In this post we explore the problem of projection onto an $\ell_1$-norm ball. We formalize the primal problem and see how the dual problem can be expressed and optimized. We also observe that the solution tends to be sparse in high dimensions.

Several things deserve some mentioning in these concluding remarks. First, we have yet to talk about the *asymptotic complexity* of solving $\ell_1$ projection. That is, given some tolerance $\epsilon$, how much time do we need to achieve an approximate solution $x$ to Problem $\eqref{eq:primal}$ such that $f(x) - f(x^*) < \epsilon$? Second, you may be interested in a variant of $\ell_1$ projection called simplex projection, where the variable $x$ is also constrained to be non-negative. In this case the Lagrangian in $\eqref{eq:lagrangian}$ must involve another set of variables for the constraints $x_i \geq 0, i = 1, \ldots, n$, and a different optimization algorithm is needed. Third, minimizing the lasso objective as in $\eqref{eq:lasso}$ deserves some discussion, too. The resources below should offer some answer to these questions.

- Ryan Tibshirani’s lectures on convex optimization, specifically those on duality and proximal gradient descent.
- Convex Optimization by Boyd and Vandenberghe.
- Efficient Projections onto the $\ell_1$-Ball for Learning in High Dimensions by John Duchi, Shai Shalev-Shwartz, Yoram Singer and Tushar Chandra.

I think being able to implement backpropagation, at least in the simplest case, is quite important for its conceptual understanding. Hopefully this will benefit the students who stumble upon this page after a while of searching for “How to implement backprop.”

Below is a simple fully connected neural network.

Let’s decompose this architecture:

- The first layer has 5 neurons. This network accepts inputs that are 5-dimensional.
- The final layer has 1 neuron. It represents the loss function, which is a scalar.
- The second-last layer, which has 12 neurons, is actually typically called the last layer. If this layer is followed by softmax, you can think of this network as a 12-class classifier.
- There are two hidden layers, one with 10 neurons and the other with 4.

Here’s the computation in a forward pass through this network:

- Start with the input, which is 5-dimensional.
- Compute the first hidden output:
- Apply a linear transformation: $t_0 = W_0 x$
- Apply a non-linear activation: $z_0 = \tanh(t_0)$, where we $\tanh$ to every element of $t_0$

- Compute the second hidden output:
- Apply a linear transformation: $t_1 = W_1 z_0$
- Apply a non-linear activation: $z_1 = \sigma(t_1)$, element-wise as well

- Compute the second-last layer (classification output)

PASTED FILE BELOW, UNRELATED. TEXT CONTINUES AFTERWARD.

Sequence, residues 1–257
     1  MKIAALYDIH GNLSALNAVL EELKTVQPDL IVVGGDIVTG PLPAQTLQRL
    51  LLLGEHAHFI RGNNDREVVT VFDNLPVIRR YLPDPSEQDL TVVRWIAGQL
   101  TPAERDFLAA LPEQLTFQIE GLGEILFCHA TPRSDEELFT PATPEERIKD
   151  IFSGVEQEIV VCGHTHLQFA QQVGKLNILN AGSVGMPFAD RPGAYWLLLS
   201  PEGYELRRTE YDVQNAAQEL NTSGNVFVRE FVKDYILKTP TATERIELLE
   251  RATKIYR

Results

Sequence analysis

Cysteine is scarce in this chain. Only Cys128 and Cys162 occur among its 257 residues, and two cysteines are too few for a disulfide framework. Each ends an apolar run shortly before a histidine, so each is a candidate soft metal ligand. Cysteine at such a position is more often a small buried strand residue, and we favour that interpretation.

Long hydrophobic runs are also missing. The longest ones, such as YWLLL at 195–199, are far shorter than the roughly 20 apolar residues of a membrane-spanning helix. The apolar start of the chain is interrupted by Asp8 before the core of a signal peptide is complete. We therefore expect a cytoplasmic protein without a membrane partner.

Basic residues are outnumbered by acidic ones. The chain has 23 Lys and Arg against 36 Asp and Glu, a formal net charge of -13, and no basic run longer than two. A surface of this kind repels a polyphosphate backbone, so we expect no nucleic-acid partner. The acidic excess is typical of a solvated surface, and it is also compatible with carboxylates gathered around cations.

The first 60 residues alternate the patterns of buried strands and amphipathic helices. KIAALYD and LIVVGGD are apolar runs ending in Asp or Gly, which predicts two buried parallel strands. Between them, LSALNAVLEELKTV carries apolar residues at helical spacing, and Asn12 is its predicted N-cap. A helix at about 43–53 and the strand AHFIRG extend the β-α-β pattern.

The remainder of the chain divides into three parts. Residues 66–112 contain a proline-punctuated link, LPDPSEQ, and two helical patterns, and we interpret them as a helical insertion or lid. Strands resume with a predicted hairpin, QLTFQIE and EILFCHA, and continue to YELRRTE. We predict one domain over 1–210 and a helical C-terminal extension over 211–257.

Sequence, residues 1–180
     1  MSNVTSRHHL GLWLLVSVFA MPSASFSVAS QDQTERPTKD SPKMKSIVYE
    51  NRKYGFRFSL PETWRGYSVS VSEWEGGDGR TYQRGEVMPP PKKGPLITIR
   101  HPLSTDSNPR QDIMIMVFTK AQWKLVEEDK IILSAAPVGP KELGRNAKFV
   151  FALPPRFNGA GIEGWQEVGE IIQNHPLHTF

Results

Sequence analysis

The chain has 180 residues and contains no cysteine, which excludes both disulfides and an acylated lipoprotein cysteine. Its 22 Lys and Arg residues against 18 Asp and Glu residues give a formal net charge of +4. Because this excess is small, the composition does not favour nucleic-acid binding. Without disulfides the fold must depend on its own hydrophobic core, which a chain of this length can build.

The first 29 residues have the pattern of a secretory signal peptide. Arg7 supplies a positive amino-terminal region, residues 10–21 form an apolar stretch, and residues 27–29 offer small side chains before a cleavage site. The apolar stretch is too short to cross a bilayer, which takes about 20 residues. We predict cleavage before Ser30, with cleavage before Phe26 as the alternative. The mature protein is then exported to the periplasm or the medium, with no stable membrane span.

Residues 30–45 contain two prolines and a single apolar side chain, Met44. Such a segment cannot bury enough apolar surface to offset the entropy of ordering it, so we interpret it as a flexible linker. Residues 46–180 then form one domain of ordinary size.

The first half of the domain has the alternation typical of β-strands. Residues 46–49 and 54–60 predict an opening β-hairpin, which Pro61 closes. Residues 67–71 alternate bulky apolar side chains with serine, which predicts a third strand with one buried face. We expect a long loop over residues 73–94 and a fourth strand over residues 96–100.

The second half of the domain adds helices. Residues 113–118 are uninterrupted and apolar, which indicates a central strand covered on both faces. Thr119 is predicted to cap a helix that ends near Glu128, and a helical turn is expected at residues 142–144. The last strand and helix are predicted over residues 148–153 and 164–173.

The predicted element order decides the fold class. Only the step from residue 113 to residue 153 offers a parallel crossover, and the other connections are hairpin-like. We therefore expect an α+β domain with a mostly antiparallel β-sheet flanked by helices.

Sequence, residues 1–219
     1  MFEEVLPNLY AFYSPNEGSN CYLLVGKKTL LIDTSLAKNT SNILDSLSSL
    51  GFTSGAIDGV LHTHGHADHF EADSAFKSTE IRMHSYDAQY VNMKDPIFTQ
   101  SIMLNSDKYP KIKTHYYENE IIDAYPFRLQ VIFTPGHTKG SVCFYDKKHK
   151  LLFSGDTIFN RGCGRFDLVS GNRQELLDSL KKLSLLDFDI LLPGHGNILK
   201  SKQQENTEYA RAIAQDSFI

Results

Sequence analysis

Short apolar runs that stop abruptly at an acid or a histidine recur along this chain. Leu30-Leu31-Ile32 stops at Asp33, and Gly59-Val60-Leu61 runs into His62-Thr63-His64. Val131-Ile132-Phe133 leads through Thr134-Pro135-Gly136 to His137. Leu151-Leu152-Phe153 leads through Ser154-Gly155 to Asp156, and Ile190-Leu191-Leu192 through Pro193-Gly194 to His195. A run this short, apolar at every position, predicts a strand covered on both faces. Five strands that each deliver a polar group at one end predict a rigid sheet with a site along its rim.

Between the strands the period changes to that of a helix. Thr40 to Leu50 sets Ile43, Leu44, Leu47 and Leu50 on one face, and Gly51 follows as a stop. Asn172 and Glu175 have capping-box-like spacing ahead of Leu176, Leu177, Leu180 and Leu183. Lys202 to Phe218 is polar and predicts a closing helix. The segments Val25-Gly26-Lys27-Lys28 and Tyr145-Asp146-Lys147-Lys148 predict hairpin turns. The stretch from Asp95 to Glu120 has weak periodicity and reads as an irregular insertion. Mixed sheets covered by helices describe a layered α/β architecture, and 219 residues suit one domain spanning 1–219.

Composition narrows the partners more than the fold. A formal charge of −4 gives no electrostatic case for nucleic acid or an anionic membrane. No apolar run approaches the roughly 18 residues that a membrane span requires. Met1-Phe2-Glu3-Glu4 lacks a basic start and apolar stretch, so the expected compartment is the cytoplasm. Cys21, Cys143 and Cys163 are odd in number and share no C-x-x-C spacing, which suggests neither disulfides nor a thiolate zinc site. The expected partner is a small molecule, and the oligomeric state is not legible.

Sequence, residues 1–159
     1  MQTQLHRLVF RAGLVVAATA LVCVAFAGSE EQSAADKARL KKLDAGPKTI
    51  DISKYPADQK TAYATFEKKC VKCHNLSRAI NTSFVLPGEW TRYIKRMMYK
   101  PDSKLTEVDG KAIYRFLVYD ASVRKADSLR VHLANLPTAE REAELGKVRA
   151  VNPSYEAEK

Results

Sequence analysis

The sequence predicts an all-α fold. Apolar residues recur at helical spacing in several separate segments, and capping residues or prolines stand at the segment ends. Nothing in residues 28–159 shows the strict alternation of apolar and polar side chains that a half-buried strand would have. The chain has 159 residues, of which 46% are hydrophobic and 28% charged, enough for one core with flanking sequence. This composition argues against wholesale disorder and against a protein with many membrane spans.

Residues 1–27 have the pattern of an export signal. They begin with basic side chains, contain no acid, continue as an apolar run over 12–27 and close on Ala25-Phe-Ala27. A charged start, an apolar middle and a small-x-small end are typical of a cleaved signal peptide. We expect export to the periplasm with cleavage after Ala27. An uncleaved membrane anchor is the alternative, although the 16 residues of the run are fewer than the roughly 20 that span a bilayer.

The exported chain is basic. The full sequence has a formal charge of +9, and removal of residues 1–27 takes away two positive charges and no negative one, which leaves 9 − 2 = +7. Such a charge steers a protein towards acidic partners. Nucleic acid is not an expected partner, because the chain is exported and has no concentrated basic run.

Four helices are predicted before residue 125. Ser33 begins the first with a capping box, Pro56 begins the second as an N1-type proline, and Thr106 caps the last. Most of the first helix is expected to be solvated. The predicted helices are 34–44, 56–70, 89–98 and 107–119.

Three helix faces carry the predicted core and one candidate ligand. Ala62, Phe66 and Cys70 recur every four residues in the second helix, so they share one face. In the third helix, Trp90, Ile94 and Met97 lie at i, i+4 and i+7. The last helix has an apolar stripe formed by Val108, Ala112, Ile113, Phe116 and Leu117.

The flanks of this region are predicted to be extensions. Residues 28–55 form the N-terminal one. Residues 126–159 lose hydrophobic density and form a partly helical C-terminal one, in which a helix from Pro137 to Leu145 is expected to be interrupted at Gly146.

- Apply a linear transformation: $t_2 = W_2 z_1$
- No activation: $z_2 = \text{Id}(t_2)$

- Compute the loss
- $\ell = \frac{1}{2} \lVert z_2 \rVert^2 = \frac{1}{2} \sum_{i} [z_2]_i^2$

Note that the dimensions of $W_0$, $W_1$ and $W_2$ are $10 \times 5$, $4 \times 10$ and $12 \times 4$, respectively.

There is nothing special about choosing $\tanh$ and $\sigma$ (sigmoid) as the activation functions in steps 2 and 3; we can simply choose others such as ReLU. Likewise, we can use an activation function in Step 4 as well.

Now our job is to find the gradient of $\ell$ with respect to the model parameters, that is, $\nabla_{W_0}\ell, \nabla_{W_1} \ell$ and $\nabla_{W_2}\ell$.

First, let’s define our network in `numpy`

. To make things a bit easier, we will define a few resuable classes.

The first class we define is a tensor. It is basically a `numpy`

array with a gradient, which is an array of the same size storing its gradient. The array is stored in `.data`

and its gradient in `.grad`

.

```
class Tensor:
def __init__(self, arr, name=None):
self.data = arr
self.grad = None
# Optionally store the name of this tensor
self.name = name
```

Activation functions are functions that will be applied element-wise to tensors. For example, $z_0 = \tanh(t_0)$ means that $z_0$ and $t_0$ have the same dimensions, and every element in $z_0$ is the hyperbolic tangent transformation of the corresponding element in $t_0$.

We will have a base class called `Activation`

, which implements two methods:

`__call__`

will be apply the function to an input.`grad`

will apply the gradient function to an input.

```
class Activation:
def __call__(self, x):
pass
def grad(self, x):
pass
```

Let’s implement the $\tanh$ activation function. We can simply use `np.tanh`

for the forward pass. The derivative of this function is

```
class Tanh(Activation):
def __call__(self, x):
return np.tanh(x)
def grad(self, x):
return 1 - np.tanh(x) ** 2
```

Similarly, we can implement the sigmoid function based on its formulas:

\[\begin{align*} \sigma(x) &= \frac{1}{1 + e^{-x}}\\ \sigma'(x) &= \sigma(x) (1 - \sigma(x)). \end{align*}\]```
class Sigmoid(Activation):
def __call__(self, x):
return np.exp(x) / (1 + np.exp(x))
def grad(self, x):
sx = self(x)
return sx * (1 - sx)
```

Another function we used above is the identity function, which simply returns the input. Its derivative is $1$.

```
class Identity(Activation):
def __call__(self, x):
return x
def grad(self, x):
return np.ones_like(x)
```

A loss function takes an input vector and returns a scalar (number). We will also implement the `grad`

method for this function, `grad`

should return a vector that is of the same shape as the input.

The example loss function above is simply (half) squared norm, which simply squares every element of the input, sums them together, and divides the result by two. Calculus tells us that the gradient of such a function is the input itself.

```
class HalfSumSq:
def __call__(self, x):